A five-mile conveyor belt system t move the crushed ore to the site of a new grinding and floatation plant one mile north of Copperton. The 72-inch main ore conveyor exited the mine through an existing railroad tunnel at the 5,490-foot level. The conveyor belt would have a capacity of moving 10,000 tons every hour. Along the 5.1 miles of total length, there were five transfer stations, large steel structures several stories high that were needed each time the conveyor belt changed direction. After exiting the former railroad tunnel, the conveyor continued for two miles to the new grinding and floatation complex.
The new conveyor belt installed in the 5490 rail tunnel was put into operation in January 1988. The conveyor system consisted of six separate conveyor belts, with the longest, known as C-6, being 17,300 feet in length. By the time it was replaced due to normal wear and tear, in August 2002, the conveyors had carried 700 million tons of 10-inch minus material, from the in-pit crusher, out to the material storage pile adjacent to the Copperton mill. The conveyor belts were 72-inches wide. The C-6 belt was replaced during a normal 10-day downtime to move the in-pit crusher. "After almost 14 years of service, the most critical belt was removed after exceeding all warranty expectations. In particular, it exceeded warranty life by 40 percent and warranty tonnage by 245 percent. The belt was finally replaced [in August 2002] due to the convenience of system downtime created by a crusher move and because of the awareness of the increasing incidence of cord damage/breaks." (Dr. Robin B. Steven, The Goodyear Tire & Rubber Company, "Replacing C-6 Conveyor Belt at Kennecott Copper, Bingham Canyon Copper Mine")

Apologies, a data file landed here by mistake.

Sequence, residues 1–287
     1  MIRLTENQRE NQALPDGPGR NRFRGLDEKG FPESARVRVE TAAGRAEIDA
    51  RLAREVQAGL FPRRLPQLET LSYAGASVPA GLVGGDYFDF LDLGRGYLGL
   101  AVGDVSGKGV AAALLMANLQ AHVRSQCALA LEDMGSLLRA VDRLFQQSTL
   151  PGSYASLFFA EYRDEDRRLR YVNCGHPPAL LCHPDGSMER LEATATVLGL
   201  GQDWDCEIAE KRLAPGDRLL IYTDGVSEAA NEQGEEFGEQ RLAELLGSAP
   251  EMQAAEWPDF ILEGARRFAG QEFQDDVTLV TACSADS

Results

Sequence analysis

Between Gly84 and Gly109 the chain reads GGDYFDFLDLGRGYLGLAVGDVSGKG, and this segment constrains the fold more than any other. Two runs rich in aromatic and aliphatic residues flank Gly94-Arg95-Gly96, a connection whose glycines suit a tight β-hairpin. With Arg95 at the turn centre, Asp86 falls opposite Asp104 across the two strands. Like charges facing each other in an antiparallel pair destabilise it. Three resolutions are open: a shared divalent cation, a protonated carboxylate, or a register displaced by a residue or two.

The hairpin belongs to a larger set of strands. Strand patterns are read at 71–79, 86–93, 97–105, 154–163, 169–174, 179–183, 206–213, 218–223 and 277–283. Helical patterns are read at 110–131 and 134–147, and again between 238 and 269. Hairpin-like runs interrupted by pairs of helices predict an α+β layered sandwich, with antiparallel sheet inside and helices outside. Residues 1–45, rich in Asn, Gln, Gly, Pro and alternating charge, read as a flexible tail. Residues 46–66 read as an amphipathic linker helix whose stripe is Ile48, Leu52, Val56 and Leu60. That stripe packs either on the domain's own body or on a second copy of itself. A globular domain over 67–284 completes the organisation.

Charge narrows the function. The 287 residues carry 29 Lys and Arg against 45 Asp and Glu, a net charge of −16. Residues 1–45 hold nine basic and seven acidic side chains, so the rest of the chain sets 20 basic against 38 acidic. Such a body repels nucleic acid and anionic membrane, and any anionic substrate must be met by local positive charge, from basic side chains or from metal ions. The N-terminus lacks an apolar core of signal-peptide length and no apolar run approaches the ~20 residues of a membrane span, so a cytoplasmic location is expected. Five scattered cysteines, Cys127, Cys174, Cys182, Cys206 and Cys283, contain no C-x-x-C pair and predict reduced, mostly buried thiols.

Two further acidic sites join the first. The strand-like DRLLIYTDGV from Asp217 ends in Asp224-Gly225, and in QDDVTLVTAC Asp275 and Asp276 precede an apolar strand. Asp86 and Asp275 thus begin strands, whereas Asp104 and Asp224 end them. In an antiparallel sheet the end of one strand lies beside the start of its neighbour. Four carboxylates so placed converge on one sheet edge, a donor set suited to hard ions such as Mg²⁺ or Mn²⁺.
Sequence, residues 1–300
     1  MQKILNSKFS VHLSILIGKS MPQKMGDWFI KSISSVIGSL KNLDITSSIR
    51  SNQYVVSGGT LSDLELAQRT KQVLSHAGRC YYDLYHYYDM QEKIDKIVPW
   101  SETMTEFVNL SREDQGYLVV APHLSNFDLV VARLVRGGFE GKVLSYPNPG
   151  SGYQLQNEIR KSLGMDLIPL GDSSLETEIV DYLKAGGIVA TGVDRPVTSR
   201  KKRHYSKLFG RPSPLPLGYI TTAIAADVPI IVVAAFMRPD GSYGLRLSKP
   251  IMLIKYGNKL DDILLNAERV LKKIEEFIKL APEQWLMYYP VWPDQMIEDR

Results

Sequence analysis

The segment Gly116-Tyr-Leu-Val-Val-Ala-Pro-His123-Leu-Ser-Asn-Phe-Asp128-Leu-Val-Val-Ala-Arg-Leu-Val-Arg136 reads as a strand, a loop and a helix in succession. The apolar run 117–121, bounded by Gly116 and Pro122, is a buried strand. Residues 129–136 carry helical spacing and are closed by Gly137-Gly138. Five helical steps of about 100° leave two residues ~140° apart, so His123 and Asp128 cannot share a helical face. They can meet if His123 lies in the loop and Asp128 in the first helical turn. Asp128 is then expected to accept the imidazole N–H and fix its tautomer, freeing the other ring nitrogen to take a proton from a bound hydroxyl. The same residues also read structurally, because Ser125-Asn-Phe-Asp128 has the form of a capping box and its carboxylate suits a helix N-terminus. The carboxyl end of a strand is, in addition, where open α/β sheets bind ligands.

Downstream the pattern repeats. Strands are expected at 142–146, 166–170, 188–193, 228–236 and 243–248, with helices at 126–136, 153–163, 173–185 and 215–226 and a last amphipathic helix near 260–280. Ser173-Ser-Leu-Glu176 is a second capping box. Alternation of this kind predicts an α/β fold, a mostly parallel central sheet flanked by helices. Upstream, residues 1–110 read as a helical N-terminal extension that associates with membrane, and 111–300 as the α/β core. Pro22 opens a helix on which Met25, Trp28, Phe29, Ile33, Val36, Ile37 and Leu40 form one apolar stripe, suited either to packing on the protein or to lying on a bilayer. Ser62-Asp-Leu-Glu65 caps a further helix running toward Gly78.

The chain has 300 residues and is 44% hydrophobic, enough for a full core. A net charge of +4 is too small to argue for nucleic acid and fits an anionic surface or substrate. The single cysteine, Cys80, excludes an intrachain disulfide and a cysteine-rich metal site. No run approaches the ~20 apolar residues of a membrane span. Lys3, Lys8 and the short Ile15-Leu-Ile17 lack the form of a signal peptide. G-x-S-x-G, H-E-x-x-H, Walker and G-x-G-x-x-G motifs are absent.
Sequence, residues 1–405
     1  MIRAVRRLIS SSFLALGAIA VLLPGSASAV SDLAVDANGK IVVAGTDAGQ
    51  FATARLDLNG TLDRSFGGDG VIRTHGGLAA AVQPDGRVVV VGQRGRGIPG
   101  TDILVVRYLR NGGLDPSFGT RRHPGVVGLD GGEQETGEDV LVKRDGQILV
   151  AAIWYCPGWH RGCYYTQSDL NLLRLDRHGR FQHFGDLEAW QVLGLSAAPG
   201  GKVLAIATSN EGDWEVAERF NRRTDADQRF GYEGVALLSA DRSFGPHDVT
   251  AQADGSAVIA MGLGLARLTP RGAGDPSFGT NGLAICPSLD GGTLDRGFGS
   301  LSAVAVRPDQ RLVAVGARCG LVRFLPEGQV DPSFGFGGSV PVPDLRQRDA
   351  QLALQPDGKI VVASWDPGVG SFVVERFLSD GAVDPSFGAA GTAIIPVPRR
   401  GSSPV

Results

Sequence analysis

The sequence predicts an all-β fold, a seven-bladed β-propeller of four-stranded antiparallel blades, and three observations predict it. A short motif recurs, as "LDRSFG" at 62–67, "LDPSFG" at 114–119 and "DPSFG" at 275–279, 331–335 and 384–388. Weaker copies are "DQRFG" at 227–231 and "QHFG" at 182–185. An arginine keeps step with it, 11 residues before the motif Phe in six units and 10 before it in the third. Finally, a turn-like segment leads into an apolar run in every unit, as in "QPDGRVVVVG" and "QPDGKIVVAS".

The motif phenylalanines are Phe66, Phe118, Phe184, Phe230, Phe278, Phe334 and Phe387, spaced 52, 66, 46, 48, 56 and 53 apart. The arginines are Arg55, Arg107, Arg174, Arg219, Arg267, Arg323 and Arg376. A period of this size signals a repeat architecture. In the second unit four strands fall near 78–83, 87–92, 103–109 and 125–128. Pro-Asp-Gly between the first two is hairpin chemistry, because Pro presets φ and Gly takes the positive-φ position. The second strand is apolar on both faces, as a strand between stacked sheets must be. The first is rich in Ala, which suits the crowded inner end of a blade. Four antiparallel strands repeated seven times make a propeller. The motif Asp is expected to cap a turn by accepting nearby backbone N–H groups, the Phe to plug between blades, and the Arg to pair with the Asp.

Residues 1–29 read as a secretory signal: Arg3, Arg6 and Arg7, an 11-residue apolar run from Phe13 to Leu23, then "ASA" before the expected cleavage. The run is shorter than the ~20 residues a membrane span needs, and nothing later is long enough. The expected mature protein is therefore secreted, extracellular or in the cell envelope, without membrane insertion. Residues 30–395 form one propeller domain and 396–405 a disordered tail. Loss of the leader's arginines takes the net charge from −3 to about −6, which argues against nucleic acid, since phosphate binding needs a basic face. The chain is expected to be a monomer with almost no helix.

April 15, 1951
The new Bingham-Lark tunnel for United States Smelting, Refining and Mining was "bored through" on Sunday April 15, 1951. The work had started two and a half years before, with Kennecott paying the full cost of $6 million. The length was reported as 21,014 feet, or 3.9 miles. Construction was being completed by Utah Construction company. The tunnel was at the 5600-foot level, and a shaft would be completed to connect the new tunnel with the old Niagara tunnel at the 6688-foot level. Work began in November 1948, and was scheduled for completion in summer 1952. (Deseret News, April 16, 1951)